Wow!!! commercial smartphones into the orbit. I am eager to know how NASA has successfully put the smartphones in to orbit? How was the smartphones behavior in the vacuum condition?

Elizabeth M
User Rank
Blogger
Re: Smartphones as Control System
Elizabeth M   6/19/2013 4:48:41 AM
NO RATINGS
I agree, it's quite amazing to see NASA using COTS products in such an expensive and complex piece of machinery...especially for the crucial control aspect of the satellite. But I have done some coverage of NASA and know they are trying to do more with less, so necessity could be the mother of invention here. It also shows what great minds can do when they don't want to reinvent the wheel.

<<  <  Page 2/3  >  >>


Partner Zone
Latest Analysis
It's been two years since the Mac Mini's last appearance on iFixit's teardown table, but a newly revised version joins Apple's lineup this week.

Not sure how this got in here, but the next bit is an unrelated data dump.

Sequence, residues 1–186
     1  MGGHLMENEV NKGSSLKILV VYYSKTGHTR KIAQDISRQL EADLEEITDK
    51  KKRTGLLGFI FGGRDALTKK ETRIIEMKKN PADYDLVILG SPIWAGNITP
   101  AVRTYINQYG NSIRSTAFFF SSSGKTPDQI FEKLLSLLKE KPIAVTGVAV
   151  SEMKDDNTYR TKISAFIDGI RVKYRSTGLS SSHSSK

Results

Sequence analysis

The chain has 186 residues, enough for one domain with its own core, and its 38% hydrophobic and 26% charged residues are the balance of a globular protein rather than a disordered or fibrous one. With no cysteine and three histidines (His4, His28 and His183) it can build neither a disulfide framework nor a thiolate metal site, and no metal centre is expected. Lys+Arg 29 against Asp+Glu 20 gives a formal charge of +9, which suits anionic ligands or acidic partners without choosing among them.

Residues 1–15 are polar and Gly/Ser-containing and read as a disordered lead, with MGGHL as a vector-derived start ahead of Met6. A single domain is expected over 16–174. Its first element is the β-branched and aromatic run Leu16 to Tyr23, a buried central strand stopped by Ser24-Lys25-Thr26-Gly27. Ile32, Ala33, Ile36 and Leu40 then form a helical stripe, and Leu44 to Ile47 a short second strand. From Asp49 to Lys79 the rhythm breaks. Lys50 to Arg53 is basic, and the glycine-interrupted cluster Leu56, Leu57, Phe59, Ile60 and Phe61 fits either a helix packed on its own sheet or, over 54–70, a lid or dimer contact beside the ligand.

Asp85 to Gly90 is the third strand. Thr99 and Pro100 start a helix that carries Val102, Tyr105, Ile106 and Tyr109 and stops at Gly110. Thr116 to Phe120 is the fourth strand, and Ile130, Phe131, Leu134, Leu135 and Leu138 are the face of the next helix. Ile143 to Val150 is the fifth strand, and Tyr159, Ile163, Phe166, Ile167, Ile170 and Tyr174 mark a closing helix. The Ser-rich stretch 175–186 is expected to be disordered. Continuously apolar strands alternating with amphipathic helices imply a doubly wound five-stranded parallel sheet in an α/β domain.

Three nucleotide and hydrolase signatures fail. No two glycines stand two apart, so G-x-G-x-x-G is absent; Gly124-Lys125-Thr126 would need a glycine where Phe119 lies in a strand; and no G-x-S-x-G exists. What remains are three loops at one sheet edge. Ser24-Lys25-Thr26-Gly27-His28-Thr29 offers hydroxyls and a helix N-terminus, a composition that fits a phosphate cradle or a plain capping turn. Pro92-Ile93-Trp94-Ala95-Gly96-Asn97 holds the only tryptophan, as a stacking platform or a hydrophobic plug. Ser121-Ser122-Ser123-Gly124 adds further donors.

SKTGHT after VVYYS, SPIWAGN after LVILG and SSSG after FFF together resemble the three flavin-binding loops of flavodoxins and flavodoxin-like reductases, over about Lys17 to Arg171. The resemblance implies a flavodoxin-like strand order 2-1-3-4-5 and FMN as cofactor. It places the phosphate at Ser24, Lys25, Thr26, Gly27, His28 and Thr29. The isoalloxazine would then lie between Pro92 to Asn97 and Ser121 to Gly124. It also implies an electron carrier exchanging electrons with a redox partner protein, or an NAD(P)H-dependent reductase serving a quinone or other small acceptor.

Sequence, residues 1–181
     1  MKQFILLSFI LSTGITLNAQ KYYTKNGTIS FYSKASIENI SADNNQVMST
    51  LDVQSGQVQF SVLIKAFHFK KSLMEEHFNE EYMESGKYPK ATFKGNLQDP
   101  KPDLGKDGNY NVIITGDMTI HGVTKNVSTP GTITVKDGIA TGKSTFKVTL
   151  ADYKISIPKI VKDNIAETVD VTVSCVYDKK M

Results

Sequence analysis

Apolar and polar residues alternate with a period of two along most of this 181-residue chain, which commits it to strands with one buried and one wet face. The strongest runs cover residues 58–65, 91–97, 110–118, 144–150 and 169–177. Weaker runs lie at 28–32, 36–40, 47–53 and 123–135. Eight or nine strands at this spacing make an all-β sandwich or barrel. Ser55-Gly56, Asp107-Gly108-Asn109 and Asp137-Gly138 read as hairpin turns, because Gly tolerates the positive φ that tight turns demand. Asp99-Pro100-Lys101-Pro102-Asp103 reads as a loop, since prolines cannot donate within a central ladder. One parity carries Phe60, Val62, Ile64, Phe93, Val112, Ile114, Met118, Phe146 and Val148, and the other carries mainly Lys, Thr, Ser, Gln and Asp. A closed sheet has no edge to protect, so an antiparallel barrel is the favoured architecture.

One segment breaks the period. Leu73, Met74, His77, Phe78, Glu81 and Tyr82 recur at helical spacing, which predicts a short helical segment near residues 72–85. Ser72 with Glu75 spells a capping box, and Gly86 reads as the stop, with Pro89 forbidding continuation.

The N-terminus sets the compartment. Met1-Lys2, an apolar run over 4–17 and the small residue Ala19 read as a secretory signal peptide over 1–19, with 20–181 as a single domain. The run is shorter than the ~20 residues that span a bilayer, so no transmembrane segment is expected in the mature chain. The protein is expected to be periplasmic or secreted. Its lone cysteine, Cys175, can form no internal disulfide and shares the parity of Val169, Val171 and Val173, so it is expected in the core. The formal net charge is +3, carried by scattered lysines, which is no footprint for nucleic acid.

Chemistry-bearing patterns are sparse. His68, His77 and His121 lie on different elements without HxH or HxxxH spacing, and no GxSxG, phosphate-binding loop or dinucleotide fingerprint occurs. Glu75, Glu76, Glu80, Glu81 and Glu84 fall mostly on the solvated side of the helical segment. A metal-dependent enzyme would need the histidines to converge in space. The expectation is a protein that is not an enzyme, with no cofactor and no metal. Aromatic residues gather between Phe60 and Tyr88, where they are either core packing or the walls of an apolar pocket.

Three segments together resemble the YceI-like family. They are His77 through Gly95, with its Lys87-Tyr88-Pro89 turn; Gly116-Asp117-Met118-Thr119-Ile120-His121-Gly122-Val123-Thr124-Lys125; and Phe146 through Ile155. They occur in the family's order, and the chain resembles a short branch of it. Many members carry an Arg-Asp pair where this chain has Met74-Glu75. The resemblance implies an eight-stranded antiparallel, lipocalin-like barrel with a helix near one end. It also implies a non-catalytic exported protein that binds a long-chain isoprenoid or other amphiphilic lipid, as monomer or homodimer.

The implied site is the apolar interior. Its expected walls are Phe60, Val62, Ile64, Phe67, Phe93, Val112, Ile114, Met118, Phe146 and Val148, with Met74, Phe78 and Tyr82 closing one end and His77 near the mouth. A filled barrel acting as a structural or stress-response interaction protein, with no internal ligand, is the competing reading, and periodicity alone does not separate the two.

More often than not, with the purchase of a sports car comes the sacrifice of any sort of utility. In other words, you can forget about a large trunk, extra seats for the kids, and more importantly driving in snowy (or inclement) weather. But what if there was a vehicle that offered the best of both worlds; great handling and practicality?
Kevin Gautier of Formlabs describes the making of a carbon fiber mold for an intake manifold, using a $3,300 3D printer, during Medical Design & Manufacturing Midwest.
Science fiction author Isaac Asimov may have the best rules for effective brainstorming and creativity. His never-before-published essay, "On Creativity," recently made it to the Web pages of MIT Technology Review.